A semiconductor memory device according to the invention is characterized by being constituted to count at least either the number of reading actions or the number of writing actions to the memory-purpose capacitor and that the capacitance of the loading-purpose capacitor is changed on condition that the counted number reaches a preset value.

A semiconductor memory device according to the invention is characterized by being constituted to measure the data judgment voltage obtained on the basis of the potential produced at the joining point and to change the capacitance of the loading capacitor on condition that the data judgment voltage measured exceeds a preset allowable range.

Therefore, if difficulty occurs in reading data stored in the memory-purpose capacitor, the occurrence is securely detected and the capacitance of the loading capacitor can be changed, not only in case of deterioration in the data holding characteristic of the memory-purpose capacitor due to increase in the number of accesses but also in case of a change in the data holding characteristic of the memory-purpose capacitor associated with retaining the same data for an extended period of Lime.

A semiconductor memory device according to the invention is characterized in that the capacitance of the loading capacitor is changed such that the data judgment voltage is within a preset allowable range near the lower limit of the allowable range.

Holding the data judgment voltage as low as possible in this way makes it possible to hold the partial voltage applied to the memory capacitor at the time of access as low as possible. As a result, deterioration in the data holding characteristic due to accesses, etc. may be further restricted.

A semiconductor memory device according to the invention is characterized in that the capacitance of the loading capacitor is changed to a greater value.

Therefore, it is possible to further delay the deterioration in the data holding characteristic of the loading capacitor due to accesses by holding as low as possible the capacitance of the loading capacitor before being changed. In case the deterioration further goes on, it is possible to facilitate data reading by changing the potential produced at the joining point between the memory capacitor and the loading capacitor by increasing the capacitance of the loading capacitor.

A semiconductror memory device according to the invention is characterized in that plural element capacitors that can be used to constitute the loading capacitor are provided and the capacitance of the loading capacitor is changed by changing the constitution of the element capacitors used for the loading capacitor.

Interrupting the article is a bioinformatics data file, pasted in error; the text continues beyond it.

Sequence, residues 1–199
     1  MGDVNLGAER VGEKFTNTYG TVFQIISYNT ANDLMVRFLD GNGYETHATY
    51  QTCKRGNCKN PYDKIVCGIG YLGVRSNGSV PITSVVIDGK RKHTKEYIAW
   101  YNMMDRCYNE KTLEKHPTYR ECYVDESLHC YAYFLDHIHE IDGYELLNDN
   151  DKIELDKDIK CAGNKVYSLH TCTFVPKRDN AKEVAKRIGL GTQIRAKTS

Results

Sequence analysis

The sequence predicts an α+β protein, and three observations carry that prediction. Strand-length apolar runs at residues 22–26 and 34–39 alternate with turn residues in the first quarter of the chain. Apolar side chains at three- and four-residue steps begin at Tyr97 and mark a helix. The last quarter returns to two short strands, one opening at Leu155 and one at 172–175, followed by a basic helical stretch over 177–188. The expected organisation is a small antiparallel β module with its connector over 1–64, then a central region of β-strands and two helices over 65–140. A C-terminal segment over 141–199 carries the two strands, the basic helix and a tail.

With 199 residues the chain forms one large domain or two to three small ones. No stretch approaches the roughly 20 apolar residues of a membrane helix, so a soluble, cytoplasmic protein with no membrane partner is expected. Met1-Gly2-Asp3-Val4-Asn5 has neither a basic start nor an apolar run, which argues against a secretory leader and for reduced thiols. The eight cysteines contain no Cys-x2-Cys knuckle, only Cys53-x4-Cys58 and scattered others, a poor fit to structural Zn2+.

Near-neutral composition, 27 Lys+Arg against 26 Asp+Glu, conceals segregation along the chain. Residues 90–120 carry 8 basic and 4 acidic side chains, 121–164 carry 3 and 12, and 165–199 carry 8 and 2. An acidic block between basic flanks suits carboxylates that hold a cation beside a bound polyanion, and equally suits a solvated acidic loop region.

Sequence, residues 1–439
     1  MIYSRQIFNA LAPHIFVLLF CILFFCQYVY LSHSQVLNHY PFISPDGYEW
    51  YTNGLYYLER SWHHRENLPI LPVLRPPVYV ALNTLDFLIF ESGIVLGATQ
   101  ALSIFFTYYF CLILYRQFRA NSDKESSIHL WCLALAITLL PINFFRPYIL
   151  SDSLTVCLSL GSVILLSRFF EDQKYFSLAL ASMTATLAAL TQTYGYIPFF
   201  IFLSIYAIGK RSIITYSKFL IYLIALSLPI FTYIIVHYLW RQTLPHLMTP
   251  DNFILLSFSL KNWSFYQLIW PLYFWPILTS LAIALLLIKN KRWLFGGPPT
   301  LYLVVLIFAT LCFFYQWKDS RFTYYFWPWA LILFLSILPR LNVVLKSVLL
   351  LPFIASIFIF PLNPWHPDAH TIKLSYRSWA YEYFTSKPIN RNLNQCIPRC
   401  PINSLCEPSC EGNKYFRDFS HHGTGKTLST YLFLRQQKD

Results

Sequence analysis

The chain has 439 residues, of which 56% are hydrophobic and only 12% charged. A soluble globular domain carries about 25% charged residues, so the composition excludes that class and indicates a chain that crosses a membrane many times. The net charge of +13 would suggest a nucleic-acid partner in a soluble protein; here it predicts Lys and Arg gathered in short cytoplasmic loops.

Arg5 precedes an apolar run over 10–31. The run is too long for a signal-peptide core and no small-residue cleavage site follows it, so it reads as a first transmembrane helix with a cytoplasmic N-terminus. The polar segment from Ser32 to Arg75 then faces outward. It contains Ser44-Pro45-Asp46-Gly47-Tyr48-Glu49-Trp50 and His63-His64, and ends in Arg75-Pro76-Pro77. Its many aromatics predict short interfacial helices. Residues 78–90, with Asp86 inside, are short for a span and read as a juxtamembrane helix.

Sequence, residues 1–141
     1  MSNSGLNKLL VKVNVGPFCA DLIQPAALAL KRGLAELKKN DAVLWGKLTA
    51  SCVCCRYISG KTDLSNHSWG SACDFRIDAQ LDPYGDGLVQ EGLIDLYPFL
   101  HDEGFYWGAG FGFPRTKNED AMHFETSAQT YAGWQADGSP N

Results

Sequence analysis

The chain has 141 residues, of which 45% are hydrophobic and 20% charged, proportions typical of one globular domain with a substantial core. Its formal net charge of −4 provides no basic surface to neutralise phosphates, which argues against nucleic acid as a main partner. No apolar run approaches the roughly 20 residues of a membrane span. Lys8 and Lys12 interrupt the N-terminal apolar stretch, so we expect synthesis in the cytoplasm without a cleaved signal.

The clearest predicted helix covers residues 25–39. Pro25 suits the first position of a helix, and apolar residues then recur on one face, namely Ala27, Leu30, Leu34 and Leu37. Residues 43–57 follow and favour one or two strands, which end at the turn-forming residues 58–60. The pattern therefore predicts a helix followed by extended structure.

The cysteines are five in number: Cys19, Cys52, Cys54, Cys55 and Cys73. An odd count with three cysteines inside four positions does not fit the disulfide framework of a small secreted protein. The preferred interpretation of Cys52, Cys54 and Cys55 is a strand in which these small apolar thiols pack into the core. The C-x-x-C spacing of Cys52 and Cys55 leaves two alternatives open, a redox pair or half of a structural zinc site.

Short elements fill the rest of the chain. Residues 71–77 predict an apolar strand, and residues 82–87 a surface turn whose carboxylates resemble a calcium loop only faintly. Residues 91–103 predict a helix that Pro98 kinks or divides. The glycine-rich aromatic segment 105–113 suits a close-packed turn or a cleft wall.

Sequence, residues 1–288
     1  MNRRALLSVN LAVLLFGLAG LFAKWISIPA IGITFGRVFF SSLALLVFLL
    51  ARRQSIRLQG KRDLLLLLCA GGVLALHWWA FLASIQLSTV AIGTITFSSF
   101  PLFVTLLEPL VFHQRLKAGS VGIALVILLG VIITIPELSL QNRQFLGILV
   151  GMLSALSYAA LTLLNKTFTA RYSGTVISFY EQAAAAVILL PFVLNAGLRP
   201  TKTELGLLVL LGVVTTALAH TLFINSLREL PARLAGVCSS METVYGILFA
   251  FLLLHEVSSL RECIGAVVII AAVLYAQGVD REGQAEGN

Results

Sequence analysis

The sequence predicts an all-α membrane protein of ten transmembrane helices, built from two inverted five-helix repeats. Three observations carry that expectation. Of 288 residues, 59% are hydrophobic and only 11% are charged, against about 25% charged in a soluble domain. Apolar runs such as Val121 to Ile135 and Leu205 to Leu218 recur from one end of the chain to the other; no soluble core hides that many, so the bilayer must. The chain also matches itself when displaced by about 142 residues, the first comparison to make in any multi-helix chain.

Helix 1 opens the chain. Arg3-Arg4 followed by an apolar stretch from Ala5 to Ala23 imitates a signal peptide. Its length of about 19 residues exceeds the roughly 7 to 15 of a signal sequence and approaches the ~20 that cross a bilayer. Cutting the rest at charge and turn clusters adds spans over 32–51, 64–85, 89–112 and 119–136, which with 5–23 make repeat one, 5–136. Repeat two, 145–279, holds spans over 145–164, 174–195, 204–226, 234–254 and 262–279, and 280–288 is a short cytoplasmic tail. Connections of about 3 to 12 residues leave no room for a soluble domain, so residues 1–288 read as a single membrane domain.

Therefore, it is possible for example to choose and connect in parallel an appropriate number of element capacitors out of plural element capacitors provided in advance and use them as a loading capacitor. Or it is possible to choose a single capacitor of an appropriate capacitance out of element capacitors of different capacitance values provided in advance and use it as a loading capacitor. Therefore, the capacitance of the loading capacitor may be changed easily.

A semiconductor memory device according to the invention comprising a memory-purpose element for storing data and a supplemental element associated substantially electrically with the memory-purpose element at least at the time of reading data. The semiconductor memory device is for reading data by applying a specified electric action to a compound element constituted with the memory element and the supplemental element associated substantially electrically with each other. The semiconductor memory device is characterized by being constituted with variable electric characteristic of the supplemental element so that data can be read without any problem.

Therefore, even when reading data stored in the memory-purpose capacitor becomes hard due to deterioration or change in the data holding characteristic of the memory-purpose capacitor caused by the increase in the number of accesses to the semiconductor device or due to retaining the same data in the semiconductor memory device for an extended period of time, reading data is made possible again by changing the electric characteristic of the supplemental element. That is, data may be read accurately over a long period of time.

While the present invention is described above by way of preferred embodiments, the wording is not used for limitation but used for explanation and so may be changed within the scope of appended claims without departing from the scope of the invention.

Patent Citations
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Referenced by
Citing PatentFiling datePublication dateApplicantTitle
CN100481253CFeb 27, 2004Apr 22, 2009富士通微电子株式会社Semiconductor memory device with proper sensing timing
Classifications
U.S. Classification365/145, 365/149
International ClassificationG11C7/06, G11C14/00, G11C11/22
Cooperative ClassificationG11C11/22, G11C7/062
European ClassificationG11C11/22, G11C7/06C